A Cinemasochists Second Look At Wes Craven…
Vampire In Brooklyn (1995)
Wes Craven's career has been to hell and back. He's made game changing films, but has also fumbled enough times to make a lesser director retire. We all know Nightmare On Elm Street and Scream, but what about Deadly Friend or Music of The Heart? Do THOSE hold up? I'm going to cherry pick some of the lesser known Wes Craven films and, in typical Cinemasochists form, see if they're worth your time or as bad as they've been made out to be.
In our previous post we saw Wes Craven take on the werewolf genre in an attempt to modernize and poke fun at it's most obvious conventions. 10 years before that he tried to do the same with the vampire genre. In the 1990's, vampires were big business. Bram Stoker's Dracula and Interview With The Vampire brought vampires back onto the fore front of popular culture. Eventually, vampires wore out their welcome and by 1995 there was not one, but TWO vampire spoofs on the market. There was Mel Brooks' Dracula: Dead and Loving It, which was a more straightforward spoof of the Bram Stoker novel and there was Wes Craven's Vampire In Brooklyn. Both films did not fare well at the box office and both were more or less forgotten mentions in the careers of both famous directors.
After an abandoned vessel with over a dozen dead bodies crashes into a dock in Brooklyn, we're introduced to Maximilian, (Eddie Murphy) a vampire from the Caribbean who after decades of searching, ends up in Brooklyn to find and feed on the daughter of a vampire in order to live past the next moon cycle. Said daughter, Rita, is played by Angela Bassett, who also happens to be a member of the NYPD investigating the murders on the ship alongside here partner, Justice (Allen Payne.) After having strange visions during the investigation, she and Justice decide to visit Dr. Zeko, a supposed vampire expert. While there, she meets Maximilian who spends the next third of the film trying to seduce her, but tends to fall short as we find out that Justice is also in love with Rita. With the help of Julius (Kadeem Hardison) his ghoul slave, Maximilian succeeds in getting Rita alone and bites her, slowly turning her into the undead. Justice turns to Zeko for help and finds out that Rita's father was a vampire and had bit her mother while she was doing research in the Caribbean. In order for Rita to stay fully human, she must not drink the blood of the living, which is exactly what Maximilian is trying to persuade her to do, so he can continue to live eternally.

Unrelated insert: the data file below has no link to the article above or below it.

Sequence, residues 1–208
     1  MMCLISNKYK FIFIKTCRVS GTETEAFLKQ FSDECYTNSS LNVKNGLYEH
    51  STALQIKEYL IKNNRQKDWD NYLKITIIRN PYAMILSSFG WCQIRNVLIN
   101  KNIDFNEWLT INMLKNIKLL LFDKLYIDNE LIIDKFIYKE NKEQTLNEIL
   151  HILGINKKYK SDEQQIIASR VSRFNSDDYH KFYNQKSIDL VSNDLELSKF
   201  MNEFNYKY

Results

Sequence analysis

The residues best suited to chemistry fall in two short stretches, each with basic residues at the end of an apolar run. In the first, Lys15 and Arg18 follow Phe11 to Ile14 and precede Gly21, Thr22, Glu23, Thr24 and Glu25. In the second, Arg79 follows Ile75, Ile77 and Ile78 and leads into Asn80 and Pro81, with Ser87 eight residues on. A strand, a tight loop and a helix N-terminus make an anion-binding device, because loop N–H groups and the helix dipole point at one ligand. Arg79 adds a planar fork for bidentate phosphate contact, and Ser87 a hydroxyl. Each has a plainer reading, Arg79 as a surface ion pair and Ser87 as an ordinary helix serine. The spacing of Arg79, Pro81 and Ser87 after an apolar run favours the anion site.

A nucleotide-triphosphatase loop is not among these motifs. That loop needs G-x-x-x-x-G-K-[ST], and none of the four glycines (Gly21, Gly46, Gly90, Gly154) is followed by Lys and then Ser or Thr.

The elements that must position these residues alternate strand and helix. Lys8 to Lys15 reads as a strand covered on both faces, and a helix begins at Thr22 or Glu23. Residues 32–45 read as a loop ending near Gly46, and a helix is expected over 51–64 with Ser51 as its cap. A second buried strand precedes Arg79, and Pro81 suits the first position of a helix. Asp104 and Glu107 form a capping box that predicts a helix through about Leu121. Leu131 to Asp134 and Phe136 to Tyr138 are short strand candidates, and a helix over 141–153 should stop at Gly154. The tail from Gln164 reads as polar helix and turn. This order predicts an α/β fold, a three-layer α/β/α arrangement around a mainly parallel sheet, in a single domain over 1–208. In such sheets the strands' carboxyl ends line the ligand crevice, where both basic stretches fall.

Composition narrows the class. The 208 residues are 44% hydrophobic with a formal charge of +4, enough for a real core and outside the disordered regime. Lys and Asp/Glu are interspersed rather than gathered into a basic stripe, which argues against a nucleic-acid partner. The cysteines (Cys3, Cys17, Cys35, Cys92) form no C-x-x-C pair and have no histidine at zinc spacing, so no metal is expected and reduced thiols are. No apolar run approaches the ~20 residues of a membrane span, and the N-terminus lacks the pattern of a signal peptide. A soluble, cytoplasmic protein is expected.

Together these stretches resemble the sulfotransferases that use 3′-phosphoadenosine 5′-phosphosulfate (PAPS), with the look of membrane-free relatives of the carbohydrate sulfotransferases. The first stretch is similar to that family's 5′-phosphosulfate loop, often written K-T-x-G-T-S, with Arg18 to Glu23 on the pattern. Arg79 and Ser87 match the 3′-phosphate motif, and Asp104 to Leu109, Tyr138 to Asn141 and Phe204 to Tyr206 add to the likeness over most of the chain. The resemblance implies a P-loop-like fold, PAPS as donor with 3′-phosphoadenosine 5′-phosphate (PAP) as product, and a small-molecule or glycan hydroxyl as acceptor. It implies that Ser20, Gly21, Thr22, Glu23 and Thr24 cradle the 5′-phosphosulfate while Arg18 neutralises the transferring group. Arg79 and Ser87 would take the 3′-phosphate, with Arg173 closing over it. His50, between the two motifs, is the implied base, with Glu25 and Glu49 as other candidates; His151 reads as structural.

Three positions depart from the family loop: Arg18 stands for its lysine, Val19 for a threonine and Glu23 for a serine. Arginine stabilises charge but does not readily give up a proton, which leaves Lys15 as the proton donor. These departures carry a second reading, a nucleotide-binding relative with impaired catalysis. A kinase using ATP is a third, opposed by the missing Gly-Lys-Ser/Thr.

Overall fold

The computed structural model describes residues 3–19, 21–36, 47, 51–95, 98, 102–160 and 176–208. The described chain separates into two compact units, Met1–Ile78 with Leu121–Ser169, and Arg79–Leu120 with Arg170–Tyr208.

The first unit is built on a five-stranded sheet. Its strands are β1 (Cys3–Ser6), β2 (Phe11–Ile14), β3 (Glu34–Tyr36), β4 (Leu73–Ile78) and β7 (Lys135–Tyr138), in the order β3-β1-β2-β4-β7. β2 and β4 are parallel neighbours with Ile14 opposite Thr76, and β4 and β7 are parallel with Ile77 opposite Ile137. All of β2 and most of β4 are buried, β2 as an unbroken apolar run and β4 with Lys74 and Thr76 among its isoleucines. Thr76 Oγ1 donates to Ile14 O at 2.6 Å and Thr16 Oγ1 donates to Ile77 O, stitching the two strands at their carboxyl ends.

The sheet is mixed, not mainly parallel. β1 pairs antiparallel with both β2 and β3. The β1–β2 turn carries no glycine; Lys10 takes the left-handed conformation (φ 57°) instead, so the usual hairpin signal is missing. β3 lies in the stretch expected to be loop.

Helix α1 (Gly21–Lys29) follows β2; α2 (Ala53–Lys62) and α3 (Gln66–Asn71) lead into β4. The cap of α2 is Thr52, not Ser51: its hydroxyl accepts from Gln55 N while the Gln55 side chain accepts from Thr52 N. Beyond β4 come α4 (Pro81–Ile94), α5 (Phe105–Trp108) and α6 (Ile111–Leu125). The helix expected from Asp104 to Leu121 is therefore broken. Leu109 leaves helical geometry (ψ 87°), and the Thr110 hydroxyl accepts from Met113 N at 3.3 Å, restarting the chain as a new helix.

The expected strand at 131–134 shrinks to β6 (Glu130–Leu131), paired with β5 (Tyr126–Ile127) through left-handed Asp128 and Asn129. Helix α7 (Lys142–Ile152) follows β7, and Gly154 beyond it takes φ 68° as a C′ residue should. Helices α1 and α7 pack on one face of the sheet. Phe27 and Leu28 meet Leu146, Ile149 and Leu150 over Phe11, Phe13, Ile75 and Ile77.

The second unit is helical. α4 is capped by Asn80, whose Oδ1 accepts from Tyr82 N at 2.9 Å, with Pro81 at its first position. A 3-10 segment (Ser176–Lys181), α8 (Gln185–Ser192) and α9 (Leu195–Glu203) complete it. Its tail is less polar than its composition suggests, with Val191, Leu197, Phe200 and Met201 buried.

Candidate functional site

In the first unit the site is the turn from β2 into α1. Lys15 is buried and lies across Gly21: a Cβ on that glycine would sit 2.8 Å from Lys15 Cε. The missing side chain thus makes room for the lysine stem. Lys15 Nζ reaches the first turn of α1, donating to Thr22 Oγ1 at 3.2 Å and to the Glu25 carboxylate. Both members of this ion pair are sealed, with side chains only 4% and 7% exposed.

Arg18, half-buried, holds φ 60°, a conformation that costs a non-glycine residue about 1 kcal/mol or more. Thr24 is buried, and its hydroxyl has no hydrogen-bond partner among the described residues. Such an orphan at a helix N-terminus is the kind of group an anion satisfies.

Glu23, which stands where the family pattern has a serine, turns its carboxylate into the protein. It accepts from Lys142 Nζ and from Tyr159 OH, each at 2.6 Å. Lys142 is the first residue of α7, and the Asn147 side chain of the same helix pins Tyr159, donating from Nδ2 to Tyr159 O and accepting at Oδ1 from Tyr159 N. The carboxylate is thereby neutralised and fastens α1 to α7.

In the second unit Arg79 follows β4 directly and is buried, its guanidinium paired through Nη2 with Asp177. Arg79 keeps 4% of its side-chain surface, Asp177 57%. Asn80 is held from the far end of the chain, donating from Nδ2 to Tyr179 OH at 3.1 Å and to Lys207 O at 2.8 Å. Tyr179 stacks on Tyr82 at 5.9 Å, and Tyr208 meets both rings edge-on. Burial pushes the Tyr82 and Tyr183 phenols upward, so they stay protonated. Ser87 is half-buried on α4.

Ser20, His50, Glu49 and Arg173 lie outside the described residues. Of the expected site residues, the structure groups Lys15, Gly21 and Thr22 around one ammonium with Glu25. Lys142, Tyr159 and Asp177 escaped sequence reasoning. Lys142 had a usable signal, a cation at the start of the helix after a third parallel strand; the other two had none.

The plot is a bit thick and there are other points to be made here, but why bother? This uneven story was written by Eddie Murphy, his brother Charlie and Vernon Lynch. With this sort of gothic plot and direction by one of the "Masters Of Horror" you'd think this would be scary, but the film falls more into comedy category rather than horror. The scares are few and far between and when they come, you barely notice because you don't really care. There are a handful of funny bits sprinkled about thanks to Kadeem Hardison's Julius and Johnny Withserspoon's Silas, who seem to be improvising the whole time. Overall though, most jokes, like the scares, fall flat and are uninspired.
The film was released with very negative reviews and barely enough box-office to break even. It certainly wasn't bad enough to hurt careers of Craven or Murphy however. The following year Scream and The Nutty Professor were released and renewed public and critical faith in both men.
I have a feeling this will fall in the very bottom of the Craven cannon. Proceed with caution. It's just about as bad as they say.
Cinemasochists Score: -7
(0 being tolerable and -10 being the worst)
You can stream on Netflix or rent on any VOD outlet.